Sunshine and grief

We are in mid-June: our days are mostly full of blue-skied sunshine; blooms and greenness abound, and balmy, light evenings languidly stretch out for hours. Today, though, London's sunshine is cloudy and permeated with grieving, and green has a sad significance, as we recall the devastation and death in Grenfell Tower, already a year ago. And there is anger mixed in with all this, at inequality and injustice, fatal cost-cutting, blunders and the treatment of survivors.

We can often find it hard to reconcile sunshine with anger or grief. My parents' funerals took place in February and November, in wintry cold and beneath a brittle, chilly sun, which matched how I felt, much more than unending blue skies and blossom. And yet, sunshine and grief can and do go together - they often have to. And the other day it occurred to me that the same can be said of my last two blogposts. They also don't appear to co-exist, or even belong in the same week. On the 6th June I wrote of a singing silence; of beatitude and balm, tranquility and birdsong. Two days later, for the Feast of the Sacred Heart, I wrote about the pierced Heart of Jesus; about pain and woundedness, the anguish of humankind and our call as RSCJ to go into this Heart, in order to go to the heart of the world.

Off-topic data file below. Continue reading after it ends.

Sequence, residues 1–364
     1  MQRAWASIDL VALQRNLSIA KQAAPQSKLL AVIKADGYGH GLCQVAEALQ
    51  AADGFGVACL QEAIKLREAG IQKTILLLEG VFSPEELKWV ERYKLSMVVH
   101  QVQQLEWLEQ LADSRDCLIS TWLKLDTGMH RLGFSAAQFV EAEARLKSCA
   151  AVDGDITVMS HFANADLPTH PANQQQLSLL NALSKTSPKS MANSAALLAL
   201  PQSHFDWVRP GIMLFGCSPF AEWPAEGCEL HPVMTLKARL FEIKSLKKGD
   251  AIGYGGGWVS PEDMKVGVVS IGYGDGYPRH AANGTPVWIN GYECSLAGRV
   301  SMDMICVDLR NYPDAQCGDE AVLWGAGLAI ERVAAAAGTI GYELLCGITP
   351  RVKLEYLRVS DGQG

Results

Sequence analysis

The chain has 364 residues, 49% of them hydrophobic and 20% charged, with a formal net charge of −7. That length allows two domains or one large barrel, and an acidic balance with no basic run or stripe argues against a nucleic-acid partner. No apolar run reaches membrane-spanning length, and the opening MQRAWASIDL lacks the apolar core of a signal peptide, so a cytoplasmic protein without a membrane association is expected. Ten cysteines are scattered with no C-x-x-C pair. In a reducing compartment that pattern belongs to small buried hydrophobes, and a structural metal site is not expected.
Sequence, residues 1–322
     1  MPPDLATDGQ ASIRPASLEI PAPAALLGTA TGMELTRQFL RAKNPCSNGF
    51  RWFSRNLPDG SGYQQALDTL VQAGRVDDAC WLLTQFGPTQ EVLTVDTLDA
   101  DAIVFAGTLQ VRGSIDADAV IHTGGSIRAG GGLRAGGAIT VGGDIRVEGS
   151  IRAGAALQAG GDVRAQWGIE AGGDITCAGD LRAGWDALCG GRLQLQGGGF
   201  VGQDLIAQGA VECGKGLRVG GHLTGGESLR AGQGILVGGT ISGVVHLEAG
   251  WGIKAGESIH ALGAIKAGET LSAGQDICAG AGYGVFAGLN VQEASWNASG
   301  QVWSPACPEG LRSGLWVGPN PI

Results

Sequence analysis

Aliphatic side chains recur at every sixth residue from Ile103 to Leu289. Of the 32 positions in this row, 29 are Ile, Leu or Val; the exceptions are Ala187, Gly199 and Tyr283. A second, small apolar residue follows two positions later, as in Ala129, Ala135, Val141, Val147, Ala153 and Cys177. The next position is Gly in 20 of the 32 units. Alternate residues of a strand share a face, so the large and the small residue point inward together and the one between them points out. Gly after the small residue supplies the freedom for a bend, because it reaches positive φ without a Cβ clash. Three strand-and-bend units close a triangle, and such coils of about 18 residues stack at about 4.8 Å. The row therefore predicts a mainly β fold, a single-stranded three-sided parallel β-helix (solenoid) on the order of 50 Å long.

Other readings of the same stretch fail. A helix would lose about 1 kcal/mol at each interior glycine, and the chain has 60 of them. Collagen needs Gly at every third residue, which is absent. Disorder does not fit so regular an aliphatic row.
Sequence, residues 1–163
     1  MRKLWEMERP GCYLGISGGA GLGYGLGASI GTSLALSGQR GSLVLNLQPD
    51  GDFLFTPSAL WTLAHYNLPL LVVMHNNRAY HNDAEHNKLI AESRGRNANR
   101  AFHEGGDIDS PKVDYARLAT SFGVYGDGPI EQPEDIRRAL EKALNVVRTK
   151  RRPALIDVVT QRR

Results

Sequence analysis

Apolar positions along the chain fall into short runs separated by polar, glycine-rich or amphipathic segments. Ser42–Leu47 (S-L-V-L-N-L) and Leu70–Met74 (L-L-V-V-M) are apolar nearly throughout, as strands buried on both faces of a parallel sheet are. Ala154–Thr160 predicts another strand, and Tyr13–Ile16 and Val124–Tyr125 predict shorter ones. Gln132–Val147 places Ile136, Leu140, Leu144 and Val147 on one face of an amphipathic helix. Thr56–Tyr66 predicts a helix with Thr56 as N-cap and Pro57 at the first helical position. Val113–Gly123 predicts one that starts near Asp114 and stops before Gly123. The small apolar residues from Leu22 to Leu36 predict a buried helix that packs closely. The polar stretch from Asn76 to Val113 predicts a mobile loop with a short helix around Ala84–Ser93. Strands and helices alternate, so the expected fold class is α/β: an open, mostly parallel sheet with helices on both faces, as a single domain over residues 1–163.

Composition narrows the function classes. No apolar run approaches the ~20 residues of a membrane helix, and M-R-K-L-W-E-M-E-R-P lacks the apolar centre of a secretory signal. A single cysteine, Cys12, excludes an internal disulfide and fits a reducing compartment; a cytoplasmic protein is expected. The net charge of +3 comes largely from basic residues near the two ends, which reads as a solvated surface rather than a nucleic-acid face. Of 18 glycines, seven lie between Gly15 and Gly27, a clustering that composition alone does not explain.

Beatitude and pain, only two days apart... and somehow they can and do co-exist, and are part of the same whole. Somehow I can marvel at dragonflies and unexpected poppies, even as I can grieve, not only for Grenfell, but for what our world is so awfully becoming. Sophie Barat once wrote that There is room for all in the wide wound of Jesus, and surely there is room for so much more; surely the Heart of Jesus is big enough to hold all the world's chaos and grieving alongside all its beatitude and joy. And somehow, my heart is able to hold something of all this too. Our Constitutions say that the pierced Heart of Jesus opens our being to two things: the depths of God and the anguish of humankind; and it is my life in those very depths of God which enables me to also live in so much ambiguity and pain, to reconcile sunshine with grief - and, crucially, to hold on to hope, that it may be kept alive.


  1. I am new at blogging and just stumbled upon your blog. You are a creative and eloquent writer.

    I am sorry about the passing of your parents.

    May God bless you.


  2. Thank you Melissa - and welcome to blogging! I hope you find it fulfilling, stimulating, helpful, cathartic, creative... whatever you need it to be, to help you on your journey with God.


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